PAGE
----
Besides, it is to be considered that such an illusion of the sight and touch can be caused not only by the interposition of some smooth unmembered body, but also by the summoning to the fancy or imagination of certain forms and ideas latent in the mind, in such a way that a thing is imagined as being perceived then for the first time. For, as was shown in the preceding question, devils can by their own power change bodies locally; and just as the disposition or humour can be affected in this way, so can the natural functions. I speak of things which appear natural to the imagination or senses. For Aristotle in the de Somno et Uigila says, assigning the cause of apparitions in dreams, that when an animal sleeps much blood flows to the inner consciousness, and thence come ideas or impressions derived from actual previous experiences stored in the mind. It has already been defined how thus certain appearance convey the impressions of new experiences. And since this can happen naturally, much more can the devil call to the imagination the appearance of a smooth body unprovided with the virile member, in such a way that the sense believe it to be an actual fact.
Secondly, some other methods are to be noted which are easier to understand and to explain. For, according to S. Isidore (Etym. VIII, 9), a glamour is nothing but a certain delusion of the senses, and especially of the eyes. And for this reason it is also called a prestige, from prestringo, since the sight of the eyes is so fettered that things seem to be other than they are. And Alexander of Hales, Part 2, says that a prestige, properly understood, is an illusion of the devil, which is not caused by any change in matter, but only exists in the mind of him who is deluded, either as to his inner or outer perceptions.
Wherefore, in a manner of speaking, we may say even of human prestidigitatory art, that it can be effected in three ways. For the first, it can be done without devils, since it is artificially done by the agility of men who show things and conceal them, as in the case of the tricks of conjurers and ventriloquists. The second method is also without the help of devils; as when men can use some natural virtue in natural bodies or minerals so as to impart to such objects some other appearance quite different from their true appearance. Wherefore, according to S. Thomas (I, 114, 4), and several others, men, by the smoke of certain smouldering or lighted herbs, can make rods appear to be serpents.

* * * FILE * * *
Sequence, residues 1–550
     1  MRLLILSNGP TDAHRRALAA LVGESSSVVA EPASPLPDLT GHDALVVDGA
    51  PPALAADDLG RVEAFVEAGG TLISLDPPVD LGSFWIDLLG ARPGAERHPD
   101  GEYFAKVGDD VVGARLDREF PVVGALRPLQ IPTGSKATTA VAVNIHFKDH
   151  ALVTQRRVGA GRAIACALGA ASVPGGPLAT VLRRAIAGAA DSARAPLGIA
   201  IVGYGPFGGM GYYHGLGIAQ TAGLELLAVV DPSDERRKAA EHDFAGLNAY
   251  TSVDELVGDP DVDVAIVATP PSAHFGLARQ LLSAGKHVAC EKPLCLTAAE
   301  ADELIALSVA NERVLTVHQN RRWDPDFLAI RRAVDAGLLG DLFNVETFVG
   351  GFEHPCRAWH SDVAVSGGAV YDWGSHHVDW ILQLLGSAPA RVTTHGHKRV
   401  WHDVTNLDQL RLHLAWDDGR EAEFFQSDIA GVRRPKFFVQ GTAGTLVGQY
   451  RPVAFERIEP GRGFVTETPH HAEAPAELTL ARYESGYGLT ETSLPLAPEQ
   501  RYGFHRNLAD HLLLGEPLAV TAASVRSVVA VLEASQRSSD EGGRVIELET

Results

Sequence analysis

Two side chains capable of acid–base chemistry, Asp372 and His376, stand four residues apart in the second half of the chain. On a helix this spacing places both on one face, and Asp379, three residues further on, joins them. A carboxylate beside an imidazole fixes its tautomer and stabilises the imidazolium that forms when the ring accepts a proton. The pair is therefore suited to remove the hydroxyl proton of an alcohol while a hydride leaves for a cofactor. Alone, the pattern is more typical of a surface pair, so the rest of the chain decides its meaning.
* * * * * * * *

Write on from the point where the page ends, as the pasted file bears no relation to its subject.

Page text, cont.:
The third method of delusion is effected with the help of devils, the permission of God being granted. For it is clear that devils have, of their nature, some power over certain earthly matters, which they exercise upon them, when God permits, so that things appear to be other than they are.
And as to this third method, it is to be noted that the devil has fives ways in which he can delude anyone so that he thinks a thing to be other than it is. First, by an artificial tricks, as has been said; for that which a man can do by art, the devil can do even better. Second, by a natural method, by the application, as has been said, and interposition of some substance so as to hide the true body, or by confusing it in man’s fancy. The third way is when in an assumed body he presents himself as being something which he is not; as witness the story which S. Gregory tells in his First Dialogue of a Nun, who ate a lettuce, which, however, as the devil confessed, was not a lettuce, but the devil in the form of a lettuce, or in the lettuce itself. Or as when he appeared to S. Antony in a lump of gold which he found in the desert. Or as when he touches a real man, and makes him appear like a brute animal, as will shortly be explained. The fourth method is when he confuses the organ of sight, so that a clear thing seems hazy, or the converse, or when an old woman appears to be a young girl. For even after weeping the light appears different from what it was before. His fifth method is by working in the imaginative power, and, by a disturbance of the humours, effecting a transmutation in the forms perceived by the senses, as has been treated of before, so that the senses then perceive as it were fresh and new images. And accordingly, by the last three of these methods, and even by the second, the devil can cast a glamour over the senses of a man. Wherefore there is no difficulty in his concealing the virile member by some prestige or glamour. And a manifest proof or example of this, which was revealed to us in our Inquisitorial capacity, will be set forth later, where more is recounted of these and other matters in the Second Part of this Treatise.
But here there arises another doubt, whether it is due to the nature of the witchcraft that it is not permanent. It is answered that it can be permanent, and last until death, just as the Canonists and Theologians judge concerning the impediment of witchcraft in matrimony, that the temporary can become permanent. For Godfrey says in his Summa: A bewitchment cannot always be removed by him who caused it, either because he is dead, or because he does not know how to remove it, or because the charm has been lost. Wherefore we may say in the same way that the charm which has been worked on Peter will be permanent if the witch who did it cannot heal him.
For there are three degrees of witches. For some both heal and harm; some harm, but cannot heal; and some seem able only to heal, that is, to take away injuries, as will be shown later. For thus it happened to us: Two witches were quarreling, and while they were taunting each other one said: I am not so wicked as you, for I know how to heal those whom I injure. The charm will also be permanent if, before it has been healed, the witch departs, either by changing her dwelling or by dying. For S. Thomas also says: Any charm may be permanent when it is such as can have no human remedy; or if it has a remedy, it is not known to men, or unlawful; although God can find a remedy through a holy Angel who can coerce the devil, if not the witch.
However, the chief remedy against witchcraft is the sacrament of Penitence. For bodily infirmity often proceeds from sin. And how the charms or witches can be removed will be shown in the Second Part of this Treatise, and in the Second QUestion, chapter VI, where other different matters are treated of and explained.